Collingwood council is still fielding questions and criticisms about the more than $8 million cost of the Judicial Inquiry, a cost the town says it could not control or predict.
Council heard from three Collingwood residents who made deputations on Monday, Feb. 1 during a strategic initiatives committee meeting. Two of the three were there to ask specifically how the inquiry has cost more than $8 million after initial estimates suggested it would be between $1 and $1.5 million.
“I want to know how is it possible that the original cost projection … could have been so outrageously and monstrously wrong,” said John Megarry, who has criticized the cost of the inquiry on previous occasions.
He suggested a roads project that cost five times more than the initial projection would result in serious questions and “resignations requested and accepted.”
Megarry noted he supported current Mayor Brian Saunderson’s election campaign, including the inquiry as a key issue.
He asked why council didn’t halt the inquiry when they found out costs had hit $2.3 million in June 2019.
Paul Ireland also presented to council on Feb. 1, and said he supported the reasons behind calling an inquiry, and suggested the estimates at the time were “reasonable.”
“No one seems to know or wants to talk about the costs going out of control,” said Ireland.
He asked about specific expenses listed on the town’s website for amounts paid to local restaurants, and for office space, furniture costs, and consulting firms.
Timothy Fryer, the former chief financial officer for COLLUS, a participant in the Collingwood Judicial Inquiry, and a town councillor from 2014 to 2018, also made a presentation to council, one of several he’s made verbally or in writing since the inquiry report came out in November.
Fryer suggested the costs incurred by other participants in the inquiry, but not paid for by the town, should also be included in the total price listed by the town.
Former town treasurer Marjory Leonard attended the virtual meeting on Feb. 1 and explained the town had little to no mechanism to control costs once the inquiry was called and the scope assigned by council.
She said town staff received a letter on April 6, 2018, naming Associate Chief Justice Frank Marrocco as the commissioner of the inquiry and referring the town to a report prepared for the Mississauga Judicial Inquiry, which took place in 2011 at a cost of about $7 million. The Mississauga inquiry dealt with conflict-of-interest matters.
The letter also explained the town could request “proportionality,” meaning the cost of the inquiry should be proportionate to the amount of funds involved in the transactions being investigated.
“I know CAO [Fareed] Amin did do this,” said Leonard. “Once you start the judicial inquiry, you have no way out of it until the end. It’s the justice and the commission counsel that actually determine the direction of any questions and any investigations.”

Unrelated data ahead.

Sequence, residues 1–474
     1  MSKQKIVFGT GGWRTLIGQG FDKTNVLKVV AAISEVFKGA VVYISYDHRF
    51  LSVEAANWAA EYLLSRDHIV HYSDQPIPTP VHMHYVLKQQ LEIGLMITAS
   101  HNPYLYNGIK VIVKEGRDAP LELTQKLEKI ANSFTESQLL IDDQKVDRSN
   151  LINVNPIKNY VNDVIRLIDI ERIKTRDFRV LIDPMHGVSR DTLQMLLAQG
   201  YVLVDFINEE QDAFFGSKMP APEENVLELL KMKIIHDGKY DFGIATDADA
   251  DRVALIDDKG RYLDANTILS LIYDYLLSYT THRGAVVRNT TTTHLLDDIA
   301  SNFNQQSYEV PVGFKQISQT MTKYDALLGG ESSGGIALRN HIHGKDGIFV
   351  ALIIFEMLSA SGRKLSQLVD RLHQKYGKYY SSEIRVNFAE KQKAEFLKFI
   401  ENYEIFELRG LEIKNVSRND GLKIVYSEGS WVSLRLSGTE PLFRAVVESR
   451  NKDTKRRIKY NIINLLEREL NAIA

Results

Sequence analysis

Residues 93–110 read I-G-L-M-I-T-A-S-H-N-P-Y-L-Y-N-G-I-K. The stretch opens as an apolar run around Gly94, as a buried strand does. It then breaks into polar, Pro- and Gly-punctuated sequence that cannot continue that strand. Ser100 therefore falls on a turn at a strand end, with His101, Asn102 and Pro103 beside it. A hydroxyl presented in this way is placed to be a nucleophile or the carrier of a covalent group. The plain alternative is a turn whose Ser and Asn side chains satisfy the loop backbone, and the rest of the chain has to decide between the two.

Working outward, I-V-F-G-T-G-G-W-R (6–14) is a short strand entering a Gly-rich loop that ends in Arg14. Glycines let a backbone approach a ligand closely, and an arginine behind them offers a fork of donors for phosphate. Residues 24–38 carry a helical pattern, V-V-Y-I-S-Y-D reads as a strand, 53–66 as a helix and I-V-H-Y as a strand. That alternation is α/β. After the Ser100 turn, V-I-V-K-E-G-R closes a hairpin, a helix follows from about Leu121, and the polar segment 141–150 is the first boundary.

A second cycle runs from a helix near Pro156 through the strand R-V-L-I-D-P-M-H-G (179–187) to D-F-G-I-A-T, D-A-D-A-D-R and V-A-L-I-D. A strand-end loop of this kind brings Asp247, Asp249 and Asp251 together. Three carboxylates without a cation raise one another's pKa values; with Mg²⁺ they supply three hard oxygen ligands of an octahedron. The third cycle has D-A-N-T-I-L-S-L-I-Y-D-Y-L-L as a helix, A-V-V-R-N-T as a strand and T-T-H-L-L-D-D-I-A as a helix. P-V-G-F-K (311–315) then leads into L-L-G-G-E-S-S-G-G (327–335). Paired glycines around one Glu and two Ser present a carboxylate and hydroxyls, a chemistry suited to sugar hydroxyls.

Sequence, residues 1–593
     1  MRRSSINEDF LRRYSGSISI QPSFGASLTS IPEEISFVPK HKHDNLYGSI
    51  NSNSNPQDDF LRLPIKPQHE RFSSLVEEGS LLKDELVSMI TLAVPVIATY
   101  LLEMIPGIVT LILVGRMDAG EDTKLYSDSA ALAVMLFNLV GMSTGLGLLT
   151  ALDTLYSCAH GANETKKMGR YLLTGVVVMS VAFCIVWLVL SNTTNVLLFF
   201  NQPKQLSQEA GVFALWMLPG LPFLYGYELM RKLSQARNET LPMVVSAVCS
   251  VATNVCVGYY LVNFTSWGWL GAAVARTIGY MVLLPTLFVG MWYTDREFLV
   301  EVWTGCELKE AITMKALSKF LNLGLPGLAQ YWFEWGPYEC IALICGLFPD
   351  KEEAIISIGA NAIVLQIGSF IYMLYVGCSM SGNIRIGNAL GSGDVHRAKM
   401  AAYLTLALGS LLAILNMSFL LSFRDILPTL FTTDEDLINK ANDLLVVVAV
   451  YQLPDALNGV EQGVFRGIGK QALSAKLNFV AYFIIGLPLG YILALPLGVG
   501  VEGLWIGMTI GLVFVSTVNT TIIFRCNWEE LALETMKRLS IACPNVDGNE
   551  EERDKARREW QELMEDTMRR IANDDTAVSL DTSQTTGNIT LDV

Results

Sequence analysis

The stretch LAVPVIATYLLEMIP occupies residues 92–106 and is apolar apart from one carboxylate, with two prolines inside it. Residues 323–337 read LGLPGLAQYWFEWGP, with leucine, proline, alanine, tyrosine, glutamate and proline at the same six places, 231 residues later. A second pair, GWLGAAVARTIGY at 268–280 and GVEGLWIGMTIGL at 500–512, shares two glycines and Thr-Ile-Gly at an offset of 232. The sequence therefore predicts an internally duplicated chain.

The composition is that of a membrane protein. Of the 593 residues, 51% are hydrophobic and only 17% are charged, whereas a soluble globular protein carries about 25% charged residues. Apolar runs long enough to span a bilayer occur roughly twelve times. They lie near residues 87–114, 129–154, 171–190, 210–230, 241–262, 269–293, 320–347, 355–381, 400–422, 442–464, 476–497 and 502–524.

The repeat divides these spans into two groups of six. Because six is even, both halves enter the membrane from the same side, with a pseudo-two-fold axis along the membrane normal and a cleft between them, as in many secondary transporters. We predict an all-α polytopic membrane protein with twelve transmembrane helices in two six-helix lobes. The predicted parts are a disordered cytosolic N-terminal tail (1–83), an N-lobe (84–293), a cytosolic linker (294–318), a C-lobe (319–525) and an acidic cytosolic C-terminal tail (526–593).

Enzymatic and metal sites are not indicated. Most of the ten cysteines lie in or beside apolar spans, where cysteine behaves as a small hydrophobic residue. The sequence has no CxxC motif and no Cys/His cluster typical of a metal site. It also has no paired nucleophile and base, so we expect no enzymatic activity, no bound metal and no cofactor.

Councillor Kathy Jeffery said council and staff did an ‘in-depth’ review when setting the scope of the inquiry with a mind to keep the costs as minimal as possible.
“We fully believed them to be between $1 and $1.5 million, $2 million tops,” she said. “We didn’t go in with eyes closed.”
Hearings for the Collingwood inquiry began on April 15. At that time, the inquiry had scheduled all three phases of the inquiry hearings to take place between April and June.
However, only the first phase of hearings concluded by the end of June. The second phase of hearings took place in September and October, and the final phase of hearings took place over a week at the end of November/beginning of December of 2019. The final report was released in November, 2020.
“This went on longer than scheduled … the fact is, this is an extremely complicated and complex manipulation and victimization of our community … it will cost us $20 to $30 million by the time we get down to talking about our next recreation facility,” said Saunderson. “Unfortunately it was an investment we had to make.”
He noted the town’s annual budget is nearly $100 million, and the inquiry costs amount to less than ten per cent of the yearly budget.
Costs for the inquiry have been paid from town reserves, which will be replenished through future annual budgeting processes, according to a statement on the town’s website.
Councillor Yvonne Hamlin said the cost of the Collingwood inquiry is, in part, the fault of the province for a lack of legislation supporting a municipality when it comes to calling a judicial inquiry.
“This is the failure of successive provincial governments to address the municipality’s needs in holding judicial inquiries, a lack of guidance,” she said, noting there are more rules for the province’s version of an inquiry – called a public inquiry – including rules to curb the cost and timespan.
“One of the rules is that they can set the budget for the commission and a timeline for completion,” said Hamlin. “Where is that in our rules? There’s nothing. But if the province is paying, they can do that.”
Hamlin said she’d also like to see the province be accountable for legislation that hasn’t been updated despite past judicial inquiries on procurement and conflict of interest.
The largest portion of Justice Marrocco’s recommendations from the Collingwood Inquiry were suggestions for updated or new procurement policy and practices.
“We should make a submission to the province to say you’ve put us in a box,” said Hamlin. “You’ve given us no tools to set a budget, set a timeline, set maximum fees for lawyers. You have given us no direction on procurement policies where this has been a continuing issue. You’ve not amended the Municipal Conflict of Interest Act in so many ways that would have benefitted us. Don’t make another municipality go through this.”
You can watch the council meeting and deputations archived on the town’s YouTube channel.